Regulations killing fintech startups in Korea
Greit shuts down services on regulatory hurdles
A growing number of fintech startups are being forced to shut down their operations due to a bureaucratic adherence to regulations and a backlash from conventional players, according to industry officials and experts, Thursday.
In particular, regulations controlling new entries have prevented Korea’s fintech startups from growing into bigger players, and have emerged as major stumbling blocks for the country to create a new ecosystem where nascent companies are allowed to provide new, innovative services or products.
This situation indicates that while the financial authorities have vowed to ease regulations to foster the fintech industry, they still have a long way to go with their regulatory reform.
Facing huge barriers, fintech startups here have begun shutting their businesses or leaving Korea to seek opportunities abroad where they are allowed to thrive.
The latest example of a fintech startup that decided to close its business is Greit, which operated the online currency exchange service Weys from May 2018, after obtaining a license from the Ministry of Economy and Finance a month earlier.
Weys surpassed 30 billion won ($25.8 million) in accumulated trading volume with over 100,000 users within a year of its start of operations as the company, which did not need branch offices, charged commissions up to 50 percent lower than conventional commercial banks for exchanging money.
Its users were able to receive 10 foreign currencies including the U.S. dollar, the Japanese yen, the New Taiwan dollar and the Singapore dollar wherever they wanted, such as homes, airports and offices, if they made reservations for delivery via the Weys app.
The company, however, faced a backlash from the Incheon International Airport Corp. (IIAC) and banks there, whenever it delivered foreign currencies to its customers. The IIAC claimed Greit should sign a lease contract, if it wanted to operate in the airport.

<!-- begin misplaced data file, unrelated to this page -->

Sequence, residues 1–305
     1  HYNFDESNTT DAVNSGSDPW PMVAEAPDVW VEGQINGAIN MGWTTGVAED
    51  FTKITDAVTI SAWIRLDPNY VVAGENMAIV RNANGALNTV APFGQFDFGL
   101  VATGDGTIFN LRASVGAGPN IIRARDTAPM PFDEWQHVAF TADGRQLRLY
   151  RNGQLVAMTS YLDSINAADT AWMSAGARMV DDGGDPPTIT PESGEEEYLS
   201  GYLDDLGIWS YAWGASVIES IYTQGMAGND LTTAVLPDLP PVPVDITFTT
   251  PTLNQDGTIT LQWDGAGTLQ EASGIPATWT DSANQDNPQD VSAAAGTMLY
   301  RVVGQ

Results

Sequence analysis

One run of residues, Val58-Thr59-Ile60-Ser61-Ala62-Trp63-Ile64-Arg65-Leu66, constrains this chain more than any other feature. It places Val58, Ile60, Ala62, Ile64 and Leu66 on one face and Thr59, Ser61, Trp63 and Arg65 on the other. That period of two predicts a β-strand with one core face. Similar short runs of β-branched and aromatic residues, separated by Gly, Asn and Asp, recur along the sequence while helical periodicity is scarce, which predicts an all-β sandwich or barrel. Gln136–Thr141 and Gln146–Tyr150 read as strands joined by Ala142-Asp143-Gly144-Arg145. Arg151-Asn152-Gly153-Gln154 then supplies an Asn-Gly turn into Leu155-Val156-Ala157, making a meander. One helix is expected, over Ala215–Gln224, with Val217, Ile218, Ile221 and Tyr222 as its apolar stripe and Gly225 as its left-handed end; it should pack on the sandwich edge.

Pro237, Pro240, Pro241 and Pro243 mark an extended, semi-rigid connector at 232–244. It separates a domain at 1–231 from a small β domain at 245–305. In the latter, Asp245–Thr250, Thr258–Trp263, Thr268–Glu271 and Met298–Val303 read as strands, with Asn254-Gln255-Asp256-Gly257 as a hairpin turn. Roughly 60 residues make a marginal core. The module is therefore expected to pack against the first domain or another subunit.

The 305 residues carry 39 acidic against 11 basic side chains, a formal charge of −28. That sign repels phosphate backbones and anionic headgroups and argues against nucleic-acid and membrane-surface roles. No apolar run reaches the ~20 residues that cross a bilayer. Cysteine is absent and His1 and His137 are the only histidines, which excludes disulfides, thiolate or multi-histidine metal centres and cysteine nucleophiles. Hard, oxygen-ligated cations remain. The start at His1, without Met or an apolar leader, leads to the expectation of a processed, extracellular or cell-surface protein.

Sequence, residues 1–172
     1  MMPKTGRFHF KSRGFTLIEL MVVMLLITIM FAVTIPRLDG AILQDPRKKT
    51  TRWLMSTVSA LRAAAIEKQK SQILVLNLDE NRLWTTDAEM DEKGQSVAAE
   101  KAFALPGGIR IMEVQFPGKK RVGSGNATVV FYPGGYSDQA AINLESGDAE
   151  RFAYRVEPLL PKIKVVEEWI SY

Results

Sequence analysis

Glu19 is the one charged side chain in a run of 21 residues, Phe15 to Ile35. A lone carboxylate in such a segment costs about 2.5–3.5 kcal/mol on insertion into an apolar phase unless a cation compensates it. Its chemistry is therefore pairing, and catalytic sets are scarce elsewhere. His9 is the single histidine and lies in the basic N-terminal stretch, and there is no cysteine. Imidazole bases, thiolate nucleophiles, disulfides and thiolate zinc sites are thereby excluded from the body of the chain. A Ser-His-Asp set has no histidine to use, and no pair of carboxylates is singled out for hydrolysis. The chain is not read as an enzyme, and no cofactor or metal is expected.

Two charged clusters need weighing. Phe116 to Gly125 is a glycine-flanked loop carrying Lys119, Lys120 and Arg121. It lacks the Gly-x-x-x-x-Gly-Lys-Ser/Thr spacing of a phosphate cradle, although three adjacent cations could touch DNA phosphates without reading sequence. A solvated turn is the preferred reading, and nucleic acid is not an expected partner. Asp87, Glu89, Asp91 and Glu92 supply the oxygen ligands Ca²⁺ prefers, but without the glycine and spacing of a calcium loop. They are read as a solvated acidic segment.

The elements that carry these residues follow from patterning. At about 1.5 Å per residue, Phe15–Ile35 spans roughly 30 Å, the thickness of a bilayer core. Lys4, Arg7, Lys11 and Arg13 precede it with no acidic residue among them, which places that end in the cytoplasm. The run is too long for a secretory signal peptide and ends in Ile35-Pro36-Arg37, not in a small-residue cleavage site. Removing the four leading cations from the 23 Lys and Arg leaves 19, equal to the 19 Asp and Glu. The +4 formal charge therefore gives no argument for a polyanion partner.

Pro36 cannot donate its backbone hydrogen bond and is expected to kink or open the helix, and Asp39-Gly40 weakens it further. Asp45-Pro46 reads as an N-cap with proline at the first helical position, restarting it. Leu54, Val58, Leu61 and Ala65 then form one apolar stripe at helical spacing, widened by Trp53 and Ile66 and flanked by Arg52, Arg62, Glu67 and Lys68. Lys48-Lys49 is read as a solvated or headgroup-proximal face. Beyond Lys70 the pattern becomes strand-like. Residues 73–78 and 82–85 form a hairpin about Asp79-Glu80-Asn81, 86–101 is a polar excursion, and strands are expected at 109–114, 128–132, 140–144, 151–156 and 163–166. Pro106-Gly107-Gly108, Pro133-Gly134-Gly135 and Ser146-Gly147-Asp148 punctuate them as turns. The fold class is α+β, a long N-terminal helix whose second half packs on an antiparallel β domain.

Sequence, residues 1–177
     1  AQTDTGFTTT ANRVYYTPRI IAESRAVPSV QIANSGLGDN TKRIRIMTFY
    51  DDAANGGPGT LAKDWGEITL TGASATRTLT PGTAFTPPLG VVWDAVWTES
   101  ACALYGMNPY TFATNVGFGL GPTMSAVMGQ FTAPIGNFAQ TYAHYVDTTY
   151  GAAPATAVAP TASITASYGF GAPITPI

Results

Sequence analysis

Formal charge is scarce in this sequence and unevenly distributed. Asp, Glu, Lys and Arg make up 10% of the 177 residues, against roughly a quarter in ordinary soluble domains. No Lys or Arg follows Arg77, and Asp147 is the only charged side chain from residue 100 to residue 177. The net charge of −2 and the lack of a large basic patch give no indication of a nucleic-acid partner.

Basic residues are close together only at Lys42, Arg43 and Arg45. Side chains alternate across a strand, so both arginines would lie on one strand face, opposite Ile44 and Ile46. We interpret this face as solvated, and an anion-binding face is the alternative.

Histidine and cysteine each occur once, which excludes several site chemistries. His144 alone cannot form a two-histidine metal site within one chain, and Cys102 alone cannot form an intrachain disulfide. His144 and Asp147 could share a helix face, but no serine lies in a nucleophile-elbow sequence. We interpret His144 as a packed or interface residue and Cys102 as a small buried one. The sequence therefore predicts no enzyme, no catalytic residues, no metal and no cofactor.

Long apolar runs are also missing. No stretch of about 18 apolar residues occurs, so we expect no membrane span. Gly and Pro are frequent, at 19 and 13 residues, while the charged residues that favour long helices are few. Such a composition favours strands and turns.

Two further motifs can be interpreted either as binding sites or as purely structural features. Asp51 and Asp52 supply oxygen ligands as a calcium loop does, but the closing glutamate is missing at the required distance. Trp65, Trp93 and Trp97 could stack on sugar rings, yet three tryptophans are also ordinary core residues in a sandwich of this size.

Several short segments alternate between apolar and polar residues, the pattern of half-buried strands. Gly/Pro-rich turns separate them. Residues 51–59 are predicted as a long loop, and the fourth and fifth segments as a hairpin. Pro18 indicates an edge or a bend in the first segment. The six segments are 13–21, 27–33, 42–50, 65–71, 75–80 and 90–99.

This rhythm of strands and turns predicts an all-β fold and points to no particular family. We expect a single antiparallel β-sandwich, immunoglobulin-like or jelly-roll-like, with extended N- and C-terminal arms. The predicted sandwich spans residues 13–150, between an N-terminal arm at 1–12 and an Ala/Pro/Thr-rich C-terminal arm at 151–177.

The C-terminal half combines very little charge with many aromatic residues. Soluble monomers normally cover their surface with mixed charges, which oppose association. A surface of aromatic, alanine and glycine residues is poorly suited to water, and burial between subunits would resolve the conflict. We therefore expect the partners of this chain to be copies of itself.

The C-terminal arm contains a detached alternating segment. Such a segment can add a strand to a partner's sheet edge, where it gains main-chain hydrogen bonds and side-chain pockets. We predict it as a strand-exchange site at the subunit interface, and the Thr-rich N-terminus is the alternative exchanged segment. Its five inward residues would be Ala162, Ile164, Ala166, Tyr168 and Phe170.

“Those who want to do businesses in national facilities should participate in public tenders for fair treatments among players,” the IIAC said in an official letter sent to Greit in May, urging the fintech firm to pay the high rents that other commercial banks did.
In addition, Greit has had difficulty in offering its services to foreigners.
According to the finance ministry, in order offer remittance services to foreigners who sent foreign currency via the Weys app to other countries in exchange for the Korean won, the firm needed a license which required 1 billion won in capital, two experts in foreign exchange and a foreign exchange computer network.
Against this backdrop, Greit decided to shutter its business Nov. 8.
“Although the government promised us that it would ease regulations by the end of this year, we could not wait until then, considering the intensifying competition and growing uncertainties,” a Greit official said.
Another fintech startup facing regulatory hurdles is MOIN, which has sought to offer blockchain-based remittance services since its establishment in 2016, in order to enable lower-costs and faster overseas remittances.
The fintech firm asked the government to allow it to operate in a regulatory sandbox in January, but the administration’s decision has been delayed for the past nine months because the service uses the Stellar cryptocurrency. Current laws ban remittances using cryptocurrencies, so MOIN had to offer its service without using blockchain from February.
MOIN and other providers of blockchain-based remittance services are considering leaving Korea as they have continued to fail to get approval from the government.
Unlike Korea, other countries have been regarded as a goldmine for Korean fintech startups.
In 2017, Balance Hero, for example, became the first Korean company to obtain a license for electronic payment services in India. The company’s True Balance app allows those without credit cards to get unsecured loans or make payments in installments, by paying a commission to third parties who hold credit cards.
This business strategy would be impossible in Korea, due to various regulations including the Banking Act and the Specialized Credit Financial Business Act.
To prevent fintech startups from leaving Korea, experts have called on the government to give permission to startups first and then regulate them if problems occur.
“The reason I envy China is that the country tends to give permission first and then take measures if there is a problem,” Chang Byung-gyu, chairman of the Presidential Committee on the Fourth Industrial Revolution, said during a policy advice announcement given to the government, Oct. 25.
He also said the administration’s support for the financial industry and startup ecosystem has not been effective enough.
“The Financial Services Commission has emphasized financial innovation, but blockchain-based remittance abroad and a third internet-only bank have yet to be made available here,” Chang said.